While accumulating wins in mass quantities, the goal of high quality triumphs was also achieved, earning Asmussen recognition as a champion trainer. In 2007, Asmussen saddled Curlin to victory in the Preakness Stakes two weeks after he finished third in the Kentucky Derby. He would complete his Triple Crown trifecta with a second-place effort in the Belmont Stakes. That fall, Curlin won the Breeders’ Cup Classic at Monmouth Park and along with it Horse of the Year honors.

Asmussen and Curlin then traveled to Dubai to win the richest horse race on the planet, the $6,000,000 World Cup in 2008. That score, paired with three other Grade 1 wins in North America, earned Curlin his second consecutive Horse of the Year title and brought Asmussen his initial Eclipse Award as Champion Trainer. Curlin retired with $10.5 million in earnings, at the time the all-time leader.

In 2009, another Asmussen 3-year-old would step up to win the Horse of the Year title. Rachel Alexandra, a filly, was the best of her gender and on many days the best of either gender. She would score an amazing Kentucky Oaks by more than 20 lengths and the Preakness Stakes while defeating males, including Kentucky Derby winner Mine That Bird. Wins over males in the Grade 1 Haskell Invitational at Monmouth Park and the Grade 1 Woodward at Saratoga secured her Champion status and earned Asmussen his second consecutive Eclipse Award as Champion Trainer.

Untapable won five Grade 1 races and the 2014 Eclipse Award as Champion 3-year-old Filly while trained by Asmussen. Her top scores included the Kentucky Oaks and Breeders’ Cup Distaff.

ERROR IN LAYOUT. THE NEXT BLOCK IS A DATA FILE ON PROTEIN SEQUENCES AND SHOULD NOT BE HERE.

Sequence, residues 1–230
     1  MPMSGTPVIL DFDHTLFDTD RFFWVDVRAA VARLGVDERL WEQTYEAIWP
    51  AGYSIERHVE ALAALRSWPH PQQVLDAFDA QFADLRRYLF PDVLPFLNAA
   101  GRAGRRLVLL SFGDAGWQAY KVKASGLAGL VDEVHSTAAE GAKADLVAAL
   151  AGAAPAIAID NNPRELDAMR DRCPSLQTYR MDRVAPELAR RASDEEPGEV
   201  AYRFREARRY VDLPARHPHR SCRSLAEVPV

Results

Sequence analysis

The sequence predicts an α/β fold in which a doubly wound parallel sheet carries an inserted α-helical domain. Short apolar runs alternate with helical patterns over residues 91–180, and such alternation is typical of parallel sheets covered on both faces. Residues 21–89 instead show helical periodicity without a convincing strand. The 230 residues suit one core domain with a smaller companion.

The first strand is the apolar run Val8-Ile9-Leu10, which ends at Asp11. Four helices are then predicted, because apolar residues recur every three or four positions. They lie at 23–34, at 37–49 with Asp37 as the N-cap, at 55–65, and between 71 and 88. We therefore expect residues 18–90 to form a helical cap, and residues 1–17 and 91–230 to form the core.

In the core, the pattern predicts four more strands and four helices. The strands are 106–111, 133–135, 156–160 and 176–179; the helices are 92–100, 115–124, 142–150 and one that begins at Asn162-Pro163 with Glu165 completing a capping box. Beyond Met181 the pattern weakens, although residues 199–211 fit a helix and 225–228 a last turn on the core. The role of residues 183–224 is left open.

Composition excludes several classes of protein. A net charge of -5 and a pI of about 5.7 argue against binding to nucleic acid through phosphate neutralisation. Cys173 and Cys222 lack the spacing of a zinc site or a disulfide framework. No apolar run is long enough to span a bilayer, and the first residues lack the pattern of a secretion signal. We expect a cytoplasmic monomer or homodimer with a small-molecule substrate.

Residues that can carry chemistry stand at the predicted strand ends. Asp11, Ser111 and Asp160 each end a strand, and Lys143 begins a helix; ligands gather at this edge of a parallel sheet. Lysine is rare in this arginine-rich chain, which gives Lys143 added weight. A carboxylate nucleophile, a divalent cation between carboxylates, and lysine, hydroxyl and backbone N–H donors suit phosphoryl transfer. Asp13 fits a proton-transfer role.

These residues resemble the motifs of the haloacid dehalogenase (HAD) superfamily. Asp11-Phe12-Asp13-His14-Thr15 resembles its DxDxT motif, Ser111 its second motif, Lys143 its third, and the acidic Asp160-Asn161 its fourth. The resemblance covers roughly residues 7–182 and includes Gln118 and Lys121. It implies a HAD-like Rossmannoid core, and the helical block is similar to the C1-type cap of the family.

In 2017, Gun Runner was amazing for Asmussen, losing only in the $10 million Dubai World Cup, finishing second to Arrogate. Gun Runner won five straight Grade 1 events to conclude his career, including the Breeders’ Cup Classic at Santa Anita and then the 2018 Pegasus Cup at Gulfstream Park, the world’s richest race at $16 million. Gun Runner was the 2017 Horse of the Year and finished with $15,988,500 in earnings, second all-time only to Arrogate’s $17 million.

Asmussen returned to Remington Park, located three hours north of his Arlington, Texas residence, in the late 2000s. From 2007 thru 2017, Asmussen won 10 of 11 Chuck Taliaferro Awards, recognizing Remington Park’s season-leading trainer. His 2017 title gave him 13 in his Remington Park career, one title more than the track’s all-time leading trainer, Donnie Von Hemel.

Asmussen owns the Remington Park record for seasonal wins with 102 in 2009. No other trainer has won more than 69 in any other season.

The Oklahoma Derby, one of the few races that had eluded Asmussen in his career, finally went his way in 2017 when Untrapped came through traffic down the stretch to win. The event featured three horses (Untrapped, Battle Of Midway, Girvin) who had competed earlier in the year in the Kentucky Derby.

At the start of the 2018 Remington Park Thoroughbred Season, Asmussen’s overall career numbers exceeded 8,100 wins, second all-time, and quickly approaching the record of the late Dale Baird who won 9,445 races. In total earnings, Asmussen has more than $288 million, second only to Todd Pletcher’s $363 million, in a money race expected to continue for years to come.

Back to Trainers